Images (1977): Music by Claude Debussy (Selections from Images - Book I, Children's Corner Suite, and Pour le Piano), Choreography by Paul Taylor, Costumes by Gene Moore, Lighting by Mark Litvin, Margaret Kampmeier, piano, Performed by Michael Trusnovec, Robert Kleinendorst, Heather McGinley, Eran Bugge, Francisco Graciano, Laura Halzack, Jamie Rae Walker, Madelyn Ho.
Images opens with a black backdrop and glistening lighting by Mark Litvin. A radiant warmth emanates from the eight dancers, as Debussy’s combined, impressionistic score evokes memories of Nijinsky’s ballet, L'Après-Midi d'un Faune, titled for another Debussy score. In the Nijinsky ballet, which caused a major furor in Paris and less of a furor in London, Nijinsky, as the faun in his own ballet, shockingly wears sandals and walks in the erotic style of a Greek frieze, complimentary to the Leon Bakst backdrop. The arm and hand movements, in stiffly bent fashion, and a scandalous theme, relating to the scarf of the lead nymph, created a huge amount of publicity for Serge Diaghilev and his Ballet Russes.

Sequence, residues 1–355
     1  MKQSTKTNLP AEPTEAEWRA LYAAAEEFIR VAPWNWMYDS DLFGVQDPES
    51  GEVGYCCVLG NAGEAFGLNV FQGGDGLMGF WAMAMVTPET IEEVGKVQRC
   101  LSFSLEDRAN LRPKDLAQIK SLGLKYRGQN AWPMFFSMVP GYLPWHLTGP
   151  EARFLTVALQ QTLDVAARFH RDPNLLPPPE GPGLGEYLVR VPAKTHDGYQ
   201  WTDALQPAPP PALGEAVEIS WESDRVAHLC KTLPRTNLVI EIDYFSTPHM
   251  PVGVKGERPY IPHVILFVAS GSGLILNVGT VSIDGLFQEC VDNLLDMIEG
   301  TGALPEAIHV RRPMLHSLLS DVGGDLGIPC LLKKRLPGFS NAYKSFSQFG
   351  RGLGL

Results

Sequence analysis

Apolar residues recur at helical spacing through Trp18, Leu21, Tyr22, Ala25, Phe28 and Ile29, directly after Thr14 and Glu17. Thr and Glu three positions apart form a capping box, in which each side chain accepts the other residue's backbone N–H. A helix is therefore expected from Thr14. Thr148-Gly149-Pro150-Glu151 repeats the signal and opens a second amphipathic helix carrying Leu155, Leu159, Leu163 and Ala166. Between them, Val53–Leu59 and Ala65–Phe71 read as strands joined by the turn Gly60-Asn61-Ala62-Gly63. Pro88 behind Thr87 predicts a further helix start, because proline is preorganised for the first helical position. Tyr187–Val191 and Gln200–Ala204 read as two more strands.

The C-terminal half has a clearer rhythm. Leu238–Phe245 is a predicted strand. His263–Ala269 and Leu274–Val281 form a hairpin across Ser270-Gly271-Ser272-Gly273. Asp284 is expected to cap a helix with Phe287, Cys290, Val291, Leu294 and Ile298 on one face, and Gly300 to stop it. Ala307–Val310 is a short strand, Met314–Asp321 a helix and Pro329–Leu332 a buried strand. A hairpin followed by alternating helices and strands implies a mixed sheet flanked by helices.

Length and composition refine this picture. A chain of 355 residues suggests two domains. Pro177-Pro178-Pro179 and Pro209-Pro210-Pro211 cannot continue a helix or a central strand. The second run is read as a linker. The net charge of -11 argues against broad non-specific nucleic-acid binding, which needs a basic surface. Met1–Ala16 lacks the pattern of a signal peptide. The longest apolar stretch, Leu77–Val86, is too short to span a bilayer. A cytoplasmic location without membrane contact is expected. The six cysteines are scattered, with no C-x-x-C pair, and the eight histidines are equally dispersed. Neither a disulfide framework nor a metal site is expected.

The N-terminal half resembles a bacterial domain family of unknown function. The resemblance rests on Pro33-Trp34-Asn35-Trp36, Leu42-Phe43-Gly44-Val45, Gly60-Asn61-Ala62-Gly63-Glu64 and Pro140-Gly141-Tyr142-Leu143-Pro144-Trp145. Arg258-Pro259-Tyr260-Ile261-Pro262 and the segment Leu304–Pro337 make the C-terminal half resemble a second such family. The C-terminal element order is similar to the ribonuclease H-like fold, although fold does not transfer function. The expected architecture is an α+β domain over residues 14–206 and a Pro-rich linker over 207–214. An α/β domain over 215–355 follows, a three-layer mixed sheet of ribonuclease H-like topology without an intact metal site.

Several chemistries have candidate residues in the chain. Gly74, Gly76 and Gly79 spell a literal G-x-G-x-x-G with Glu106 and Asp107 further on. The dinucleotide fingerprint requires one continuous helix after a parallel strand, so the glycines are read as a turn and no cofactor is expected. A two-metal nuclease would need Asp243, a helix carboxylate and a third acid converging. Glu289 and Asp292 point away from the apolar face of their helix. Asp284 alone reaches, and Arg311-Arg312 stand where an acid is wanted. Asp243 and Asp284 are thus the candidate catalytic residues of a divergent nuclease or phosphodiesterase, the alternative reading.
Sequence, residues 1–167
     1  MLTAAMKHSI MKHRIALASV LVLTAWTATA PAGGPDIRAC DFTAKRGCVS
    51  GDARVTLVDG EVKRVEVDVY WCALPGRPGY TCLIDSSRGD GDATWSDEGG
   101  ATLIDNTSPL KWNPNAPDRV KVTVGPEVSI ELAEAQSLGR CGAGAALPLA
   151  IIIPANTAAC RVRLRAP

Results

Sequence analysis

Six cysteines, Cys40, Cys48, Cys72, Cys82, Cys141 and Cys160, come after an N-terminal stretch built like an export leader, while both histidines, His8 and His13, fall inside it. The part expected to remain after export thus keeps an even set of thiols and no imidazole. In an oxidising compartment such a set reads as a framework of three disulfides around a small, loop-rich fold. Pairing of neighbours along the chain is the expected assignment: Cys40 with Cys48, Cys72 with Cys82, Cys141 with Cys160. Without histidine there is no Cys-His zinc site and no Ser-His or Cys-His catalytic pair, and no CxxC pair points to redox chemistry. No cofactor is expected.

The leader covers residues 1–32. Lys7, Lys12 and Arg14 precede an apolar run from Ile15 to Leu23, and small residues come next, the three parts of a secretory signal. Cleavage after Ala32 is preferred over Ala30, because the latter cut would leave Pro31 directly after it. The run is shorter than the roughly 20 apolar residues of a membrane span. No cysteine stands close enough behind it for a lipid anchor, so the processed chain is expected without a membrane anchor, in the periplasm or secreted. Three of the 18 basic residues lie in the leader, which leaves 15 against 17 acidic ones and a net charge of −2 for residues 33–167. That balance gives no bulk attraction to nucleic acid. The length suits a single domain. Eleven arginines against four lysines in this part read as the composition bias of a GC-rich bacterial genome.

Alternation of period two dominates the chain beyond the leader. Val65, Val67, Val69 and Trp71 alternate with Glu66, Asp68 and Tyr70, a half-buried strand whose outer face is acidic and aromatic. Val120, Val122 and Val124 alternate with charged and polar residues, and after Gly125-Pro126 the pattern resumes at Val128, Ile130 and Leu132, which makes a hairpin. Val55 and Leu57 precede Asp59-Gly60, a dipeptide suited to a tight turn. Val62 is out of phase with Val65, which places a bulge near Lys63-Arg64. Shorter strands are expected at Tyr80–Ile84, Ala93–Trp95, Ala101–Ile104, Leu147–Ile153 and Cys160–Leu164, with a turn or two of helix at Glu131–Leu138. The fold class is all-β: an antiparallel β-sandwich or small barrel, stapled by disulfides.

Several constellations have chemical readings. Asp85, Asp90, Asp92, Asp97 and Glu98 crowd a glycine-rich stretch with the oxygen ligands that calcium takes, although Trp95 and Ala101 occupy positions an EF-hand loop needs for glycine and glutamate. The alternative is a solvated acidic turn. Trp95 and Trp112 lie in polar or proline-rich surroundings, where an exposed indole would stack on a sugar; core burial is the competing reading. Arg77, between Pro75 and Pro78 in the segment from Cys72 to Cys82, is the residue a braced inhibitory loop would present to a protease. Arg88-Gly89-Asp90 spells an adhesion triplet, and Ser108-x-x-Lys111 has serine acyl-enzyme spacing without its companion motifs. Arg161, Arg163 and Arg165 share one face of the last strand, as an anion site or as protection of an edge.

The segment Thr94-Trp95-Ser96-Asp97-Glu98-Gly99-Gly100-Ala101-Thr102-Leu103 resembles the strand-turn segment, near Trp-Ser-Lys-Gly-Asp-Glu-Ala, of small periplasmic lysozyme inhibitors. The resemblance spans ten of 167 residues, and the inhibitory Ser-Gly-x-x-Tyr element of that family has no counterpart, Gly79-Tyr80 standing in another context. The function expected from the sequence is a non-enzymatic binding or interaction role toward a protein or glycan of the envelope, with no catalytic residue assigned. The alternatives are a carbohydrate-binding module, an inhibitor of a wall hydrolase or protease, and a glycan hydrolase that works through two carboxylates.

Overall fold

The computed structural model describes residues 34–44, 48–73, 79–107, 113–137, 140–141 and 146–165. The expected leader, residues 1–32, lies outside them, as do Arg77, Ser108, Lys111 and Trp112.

In Mr. Taylor's Images, the mood is upbeat, there is no scarf, and there is no lingering nymph. The female dancers wear patchwork skirts, and the male dancers wear black briefs. Yet, the choreography is created with a similar Greek frieze motif, with angular torsos and bent arms, hands, feet, and legs. The off-center posture of the body and arranged groupings of dancers appear aesthetically tied to the Nijinsky oeuvre. Contrasts abound in music and mood, with three differentiated scores, beautifully played on piano by Margaret Kampmeier.